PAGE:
Homily by St. Ambrose, Bishop of Milan.
9th Book on Luke
Beautiful is the type, when the Lord, about to leave the Jews, and to take up His abode in the hearts of the Gentiles, goeth up into the Temple; a figure of His going to the true Temple wherein He is worshipped, not in the deadness of the letter, but in spirit and in truth, even that Temple of God whereof the foundations are laid, not in buildings of stone, but in faith. He leaveth behind Him such as hate Him, and getteth Him to such as will love Him. And therefore cometh He unto the Mount of Olives that He may plant upon the heights of grace those young olive-branches, whose Mother is the Jerusalem which is above. Upon this mountain standeth He, the Heavenly Husbandman, that all they which be planted in the House of the Lord may be able each one to say: "But I am like a fruitful olive-tree in the House of God." 
Ps. li. 10.
And perchance that mountain doth signify Christ Himself. For what other is there that beareth such fruit of olives as He doth, not rich with store of loaded branches, but spiritually fruitful with the fulness of the Gentiles? He also it is on Whom we go up, and unto Whom we go up; He is the Door; He is the Way; He is He Which is opened and Which openeth; He is He upon Whom knocketh whosoever entereth in, and to Whom they that have entered in, do worship. A figure also was it that the disciples went into a village, and that there they found an ass tied and a colt with her neither could they be loosed, save at the command of the Lord. It was the hand of His Apostles which loosed them. He whose work and life are like theirs will have such grace as was theirs. Be thou also such as they, if thou wouldest loose them that are bound.
Now, let us consider who they were, who, being convicted of transgression, were banished from their home in the Garden of Eden into a village, and in this thou wilt see how Life called back again them whom death had cast out. For this reason, we read in Matthew that there were tied both an ass and her colt; thus, as man was banished from Eden in a member of either sex, so is it in animals of both sexes that his re-call is figured. The she-ass is a type of our sinful Mother Eve, and the colt of the multitude of the Gentiles; and it was upon the colt that Christ took His seat. And thus it is well written of the colt, Luke xix. 30, that thereon never yet had man sat, for no man before Christ ever called the Gentiles into the Church which statement thou hast in Mark also xi. 2: Whereon never man sat.

Sunday, March 31, 2019

Dominica IV in Quadragesima: “Laetare”

From the Holy Gospel according to John
John 6:1-15
In that time, Jesus went over the sea of Galilee, which is that of Tiberias. And a great multitude followed him, because they saw the miracles which he did on them that were diseased. And so on.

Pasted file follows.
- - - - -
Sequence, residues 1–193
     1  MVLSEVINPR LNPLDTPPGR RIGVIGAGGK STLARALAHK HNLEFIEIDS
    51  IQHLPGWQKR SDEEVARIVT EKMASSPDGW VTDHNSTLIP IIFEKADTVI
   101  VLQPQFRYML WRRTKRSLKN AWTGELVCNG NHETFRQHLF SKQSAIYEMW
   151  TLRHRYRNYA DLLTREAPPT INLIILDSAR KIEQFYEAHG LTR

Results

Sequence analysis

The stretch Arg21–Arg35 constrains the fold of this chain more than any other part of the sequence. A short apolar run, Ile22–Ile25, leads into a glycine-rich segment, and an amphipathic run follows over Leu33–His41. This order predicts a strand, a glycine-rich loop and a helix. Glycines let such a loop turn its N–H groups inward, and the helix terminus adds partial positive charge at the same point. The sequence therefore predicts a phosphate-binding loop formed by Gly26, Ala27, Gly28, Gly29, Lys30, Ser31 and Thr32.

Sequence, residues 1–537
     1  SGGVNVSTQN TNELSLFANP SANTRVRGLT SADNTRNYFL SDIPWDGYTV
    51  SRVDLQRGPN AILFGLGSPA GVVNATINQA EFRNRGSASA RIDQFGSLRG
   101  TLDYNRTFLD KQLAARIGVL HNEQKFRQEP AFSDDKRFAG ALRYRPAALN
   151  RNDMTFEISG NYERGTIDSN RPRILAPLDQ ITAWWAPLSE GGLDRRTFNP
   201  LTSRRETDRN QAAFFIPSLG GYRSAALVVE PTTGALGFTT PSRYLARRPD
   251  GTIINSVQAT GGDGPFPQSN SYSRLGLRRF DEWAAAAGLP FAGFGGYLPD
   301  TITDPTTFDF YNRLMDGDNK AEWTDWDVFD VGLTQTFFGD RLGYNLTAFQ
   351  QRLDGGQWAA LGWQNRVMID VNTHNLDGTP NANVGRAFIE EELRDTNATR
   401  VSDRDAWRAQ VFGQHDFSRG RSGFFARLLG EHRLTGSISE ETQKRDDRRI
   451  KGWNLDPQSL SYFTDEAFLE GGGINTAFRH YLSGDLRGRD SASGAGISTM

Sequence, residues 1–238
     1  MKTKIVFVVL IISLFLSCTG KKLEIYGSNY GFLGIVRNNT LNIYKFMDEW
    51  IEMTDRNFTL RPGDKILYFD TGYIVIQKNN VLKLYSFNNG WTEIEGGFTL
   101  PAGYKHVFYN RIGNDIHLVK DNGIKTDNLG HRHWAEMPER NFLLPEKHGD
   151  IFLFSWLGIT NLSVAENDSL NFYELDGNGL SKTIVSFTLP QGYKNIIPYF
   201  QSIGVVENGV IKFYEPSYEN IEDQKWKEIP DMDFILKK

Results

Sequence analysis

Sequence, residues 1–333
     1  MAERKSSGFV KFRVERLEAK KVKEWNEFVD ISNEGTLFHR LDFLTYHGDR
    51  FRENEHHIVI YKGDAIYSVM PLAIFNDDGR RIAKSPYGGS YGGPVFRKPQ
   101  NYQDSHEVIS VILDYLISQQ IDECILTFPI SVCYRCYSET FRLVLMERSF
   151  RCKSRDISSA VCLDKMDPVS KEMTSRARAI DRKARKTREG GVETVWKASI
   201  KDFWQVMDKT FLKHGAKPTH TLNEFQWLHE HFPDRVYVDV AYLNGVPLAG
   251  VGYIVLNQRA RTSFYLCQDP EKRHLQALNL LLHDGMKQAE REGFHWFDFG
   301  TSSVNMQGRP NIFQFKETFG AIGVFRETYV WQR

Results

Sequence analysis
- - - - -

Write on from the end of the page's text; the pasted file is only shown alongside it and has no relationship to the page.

Homily by St. Augustine, Bishop of Hippo.
24th Tract on John
The miracles which our Lord Jesus Christ did were the very works of God, and they enlighten the mind of man by mean of things which are seen, that he may know more of God. God is Himself of such a Substance as eye cannot see, and the miracles, by the which He ruleth the whole world continually, and satisfieth the need of everything that He hath made, are by use become so common, that scarce any will vouchsafe to see that there are wonderful and amazing works of God in every grain of seed of grass. According to His mercy He kept some works to be done in their due season, but out of the common course and order of nature, that men might see them and be astonished, not because they are greater, but because they are rarer than those which they lightly esteem, since they see them day by day.

Or it is a greater miracle to govern the whole universe, than to satisfy five thousand men with five loaves of bread; and yet no man marvelleth at it. At the feeding of the five thousand, men marvel, not because it is a greater miracle than the other, but because it is rarer. For Who is He Who now feedeth the whole world, but He Who, from a little grain that is sown, maketh the fulness of the harvest? God worketh in both cases in one and the same manner. He Who of the sowing maketh to come the harvest, is He Who of the five barley loaves in His Hands made bread to feed five thousand men; for Christ's are the Hands which are able to do both the one and the other. He Who multiplieth the grains of corn multiplied the loaves, only not by committing them to the earth whereof He is the Maker.

This miracle, then, is brought to bear upon our bodies, that our souls may thereby be quickened; shown to our eyes, to give food to our understanding; that, through His works which we see, we may marvel at that God Whom we cannot see, and, being roused up to believe, and purified by believing, we may long to see Him, yea, may know by things which are seen Him Who is Unseen. Nor yet sufficeth it for us to see only this meaning in Christ's miracles. Let us ask of the miracles themselves what they have to tell us concerning Christ for, soothly, they have a tongue of their own, if only we will understand it. For, because Christ is the Word of God, therefore the work of the Word is a Word for us.

Sunday, March 24, 2019

Dominica III in Quadragesima: “and when He had cast out the devil, the dumb spoke”

From the Holy Gospel according to Luke
Luke 11:14-28
At that time, Jesus was casting out a devil, and the same was dumb: and when he had cast out the devil, the dumb spoke: and the multitudes were in admiration at it. And so on.

Homily by the Venerable Bede, Priest at Jarrow.
Bk. iv, 48 on Luke xi